Banks profit from rate cut delay

Just when you thought banks couldn’t get any greedier they, well, get greedier. You won’t believe how much money they will pocket by withholding lower rates from their customers.

It’s not the first time and it certainly won’t be the last.

According to data supplied by www.finder.com, banks stand to make a combined $21 million simply through delaying the passing on of the Reserve Bank of Australia’s (RBA) rate cuts that were announced on Tuesday 3 May.

By withholding the lower rates from customers, banks can make a combined $1.25 million each day. So, they’ve already profited from the two days it has taken them to announce that they will pass on the cuts. Then there’s the period between when they say they’ll pass on the cuts and when the lower rates actually take effect.

For example, Westpac has announced that it will pass on the full .25 per cent cut from 23 May – that’ll net them over $8 million in interest on repayments over the next fortnight. NAB will also lower its rate by .25 per cent, which will kick in on 16 May – but the delay will pull in around $3 million. Commonwealth Bank (CBA) will also pass on the full reduction on 20 May and will reel in about $7.7 million for this 17-day delay.


The only bank of ‘the big four’ that isn’t passing on the full rate reduction is ANZ, but at least it’s rolling out its .19 per cent reduction on 13 May, but still, it will have collected an extra $2 million in profits by that time.

The big four banks combined have 750,000 home loan customers, all of whom will miss out on an average of $26 each day the banks delay passing on the lower interest rate. It’s no surprise then that many Australians are more than peeved and are accusing the banks of profiteering.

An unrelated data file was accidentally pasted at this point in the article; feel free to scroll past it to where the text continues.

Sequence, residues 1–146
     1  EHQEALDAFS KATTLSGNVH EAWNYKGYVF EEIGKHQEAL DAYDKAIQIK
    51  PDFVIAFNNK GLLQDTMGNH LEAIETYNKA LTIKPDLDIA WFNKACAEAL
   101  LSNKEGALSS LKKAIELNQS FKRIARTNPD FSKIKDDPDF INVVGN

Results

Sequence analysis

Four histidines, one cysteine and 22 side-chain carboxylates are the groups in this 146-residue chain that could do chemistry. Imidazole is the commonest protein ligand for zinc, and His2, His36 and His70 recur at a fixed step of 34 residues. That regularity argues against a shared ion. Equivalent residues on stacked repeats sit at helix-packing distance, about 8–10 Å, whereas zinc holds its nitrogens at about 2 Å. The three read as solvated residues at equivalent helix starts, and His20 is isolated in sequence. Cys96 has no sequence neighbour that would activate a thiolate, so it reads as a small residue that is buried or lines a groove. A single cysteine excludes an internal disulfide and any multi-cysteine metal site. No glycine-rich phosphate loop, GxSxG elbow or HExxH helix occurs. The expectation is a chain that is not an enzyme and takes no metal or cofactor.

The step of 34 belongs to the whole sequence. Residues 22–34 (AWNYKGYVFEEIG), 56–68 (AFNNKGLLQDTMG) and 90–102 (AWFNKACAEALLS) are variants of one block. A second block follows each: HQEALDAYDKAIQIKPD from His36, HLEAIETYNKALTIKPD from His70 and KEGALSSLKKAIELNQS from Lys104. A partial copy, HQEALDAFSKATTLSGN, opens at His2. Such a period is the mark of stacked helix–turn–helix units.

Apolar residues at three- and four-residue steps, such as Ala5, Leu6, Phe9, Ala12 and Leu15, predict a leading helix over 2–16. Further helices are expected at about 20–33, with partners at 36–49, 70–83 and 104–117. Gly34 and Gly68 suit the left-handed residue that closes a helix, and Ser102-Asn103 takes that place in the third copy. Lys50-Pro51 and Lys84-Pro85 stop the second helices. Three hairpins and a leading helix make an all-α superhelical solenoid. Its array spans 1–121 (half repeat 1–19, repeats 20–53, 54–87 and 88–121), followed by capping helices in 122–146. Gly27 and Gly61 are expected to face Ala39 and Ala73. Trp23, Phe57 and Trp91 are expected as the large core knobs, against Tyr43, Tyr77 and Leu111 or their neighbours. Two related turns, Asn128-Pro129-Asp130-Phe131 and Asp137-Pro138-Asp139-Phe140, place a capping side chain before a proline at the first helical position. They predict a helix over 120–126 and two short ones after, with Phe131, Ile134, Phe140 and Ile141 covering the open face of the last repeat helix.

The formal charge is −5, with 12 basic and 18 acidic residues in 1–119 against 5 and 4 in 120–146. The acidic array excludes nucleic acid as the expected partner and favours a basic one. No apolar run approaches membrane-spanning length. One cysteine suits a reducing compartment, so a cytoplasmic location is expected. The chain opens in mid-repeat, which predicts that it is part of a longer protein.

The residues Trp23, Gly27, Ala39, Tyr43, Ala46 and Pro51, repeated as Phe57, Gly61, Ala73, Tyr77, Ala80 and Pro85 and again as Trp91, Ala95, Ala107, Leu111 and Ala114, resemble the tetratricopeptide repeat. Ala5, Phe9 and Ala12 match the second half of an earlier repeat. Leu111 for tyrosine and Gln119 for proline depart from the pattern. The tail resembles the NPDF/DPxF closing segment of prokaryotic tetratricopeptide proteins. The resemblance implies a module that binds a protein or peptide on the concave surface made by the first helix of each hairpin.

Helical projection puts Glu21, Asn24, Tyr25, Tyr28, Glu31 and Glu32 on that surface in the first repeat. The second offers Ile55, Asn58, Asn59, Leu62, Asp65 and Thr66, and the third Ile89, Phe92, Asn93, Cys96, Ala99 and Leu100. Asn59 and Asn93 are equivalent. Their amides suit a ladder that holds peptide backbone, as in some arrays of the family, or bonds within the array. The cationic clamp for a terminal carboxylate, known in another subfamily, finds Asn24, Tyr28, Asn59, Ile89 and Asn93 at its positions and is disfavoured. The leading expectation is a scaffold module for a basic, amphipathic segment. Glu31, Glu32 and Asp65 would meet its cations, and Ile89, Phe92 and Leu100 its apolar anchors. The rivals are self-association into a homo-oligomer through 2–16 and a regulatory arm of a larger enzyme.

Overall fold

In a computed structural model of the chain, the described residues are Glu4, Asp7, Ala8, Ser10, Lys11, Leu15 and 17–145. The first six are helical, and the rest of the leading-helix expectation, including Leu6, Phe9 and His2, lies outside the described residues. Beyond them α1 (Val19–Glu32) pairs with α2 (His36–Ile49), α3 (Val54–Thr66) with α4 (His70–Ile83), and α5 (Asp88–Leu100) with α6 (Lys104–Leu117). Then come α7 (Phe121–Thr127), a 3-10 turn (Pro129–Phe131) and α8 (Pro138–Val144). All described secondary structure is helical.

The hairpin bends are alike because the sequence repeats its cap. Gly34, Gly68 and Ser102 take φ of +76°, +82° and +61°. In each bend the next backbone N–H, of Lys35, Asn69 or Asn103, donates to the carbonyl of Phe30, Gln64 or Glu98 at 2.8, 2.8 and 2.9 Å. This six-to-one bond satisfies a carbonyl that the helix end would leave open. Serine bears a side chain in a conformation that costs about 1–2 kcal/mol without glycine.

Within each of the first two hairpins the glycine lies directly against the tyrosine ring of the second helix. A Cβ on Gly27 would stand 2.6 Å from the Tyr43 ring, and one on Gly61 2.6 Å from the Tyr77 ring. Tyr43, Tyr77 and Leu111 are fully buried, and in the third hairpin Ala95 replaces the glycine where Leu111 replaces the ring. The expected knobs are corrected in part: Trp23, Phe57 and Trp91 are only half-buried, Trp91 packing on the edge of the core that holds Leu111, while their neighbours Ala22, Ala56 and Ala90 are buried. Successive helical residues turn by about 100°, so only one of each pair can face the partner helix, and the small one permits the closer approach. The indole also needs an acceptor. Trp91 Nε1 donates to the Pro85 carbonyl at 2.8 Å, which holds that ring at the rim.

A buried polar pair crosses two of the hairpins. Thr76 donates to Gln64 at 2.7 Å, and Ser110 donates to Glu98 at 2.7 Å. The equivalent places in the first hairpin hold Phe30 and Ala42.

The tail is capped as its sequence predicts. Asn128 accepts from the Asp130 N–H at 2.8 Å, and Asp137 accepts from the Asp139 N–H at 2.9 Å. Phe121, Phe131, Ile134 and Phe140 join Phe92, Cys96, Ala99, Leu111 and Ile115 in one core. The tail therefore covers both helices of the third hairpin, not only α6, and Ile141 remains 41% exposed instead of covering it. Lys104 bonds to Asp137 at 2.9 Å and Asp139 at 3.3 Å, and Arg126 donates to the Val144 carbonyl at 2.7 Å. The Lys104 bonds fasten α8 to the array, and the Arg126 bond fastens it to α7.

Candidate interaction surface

Once the lower rates are passed on, repayments on a mortgage of $300,000 would be $535.56 less each year; a mortgage of $500,000 would cost $892.56 less; repayments on a $750,000 mortgage would be $1,338.84 less and those on a $1 million loan would be $1785.12 less per year.

Interestingly, if interest rates go up, banks waste no time in passing those increases on to the customer. Makes one wonder why there isn’t some kind of anti-corruption watchdog that can monitor instances such as these. Maybe someone should look into that

In the meantime, for retirees who will lose income due to the RBA rate cuts, finding a better deal on outstanding home loans may help to partially compensate for such income losses. RateCity Money Editor Sally Tindall says there’s currently some very good rates on offer from lenders around Australia. Currently, the big four banks home loan rates are between 5.35 per cent and 5.43 per cent.

“Regardless of whether your bank cuts rates or not, it’s also worth seeing what other lenders are offering, because ultimately the lower the comparison rate, the more money you’ll have left in your pocket,” said Ms Tindall. “There are plenty of lenders already offering rates below 4 per cent for owner-occupiers, so if you’re on a rate above 4.5 per cent, the chances are you’ll still be behind, even if you do get a cut.”

So, if you’re trying to discharge your mortgage before you retire, or if you’re still paying off a mortgage in retirement, it may be well worthwhile checking out the deals on offer from other lenders. After all, every cent counts, and the sooner you’re in the black the sooner you can kick back.

Related articles:
RBA tipped to cut interest rates
Rate cut not good news for retirees
Banks need to change culture

Written by Leon Della Bosca

Leon Della Bosca has worked in publishing and media in one form or another for around 25 years. He's a voracious reader, word spinner and art, writing, design, painting, drawing, travel and photography enthusiast. You'll often find him roaming through galleries or exploring the streets of his beloved Melbourne and surrounding suburbs, sketchpad or notebook in hand, smiling.
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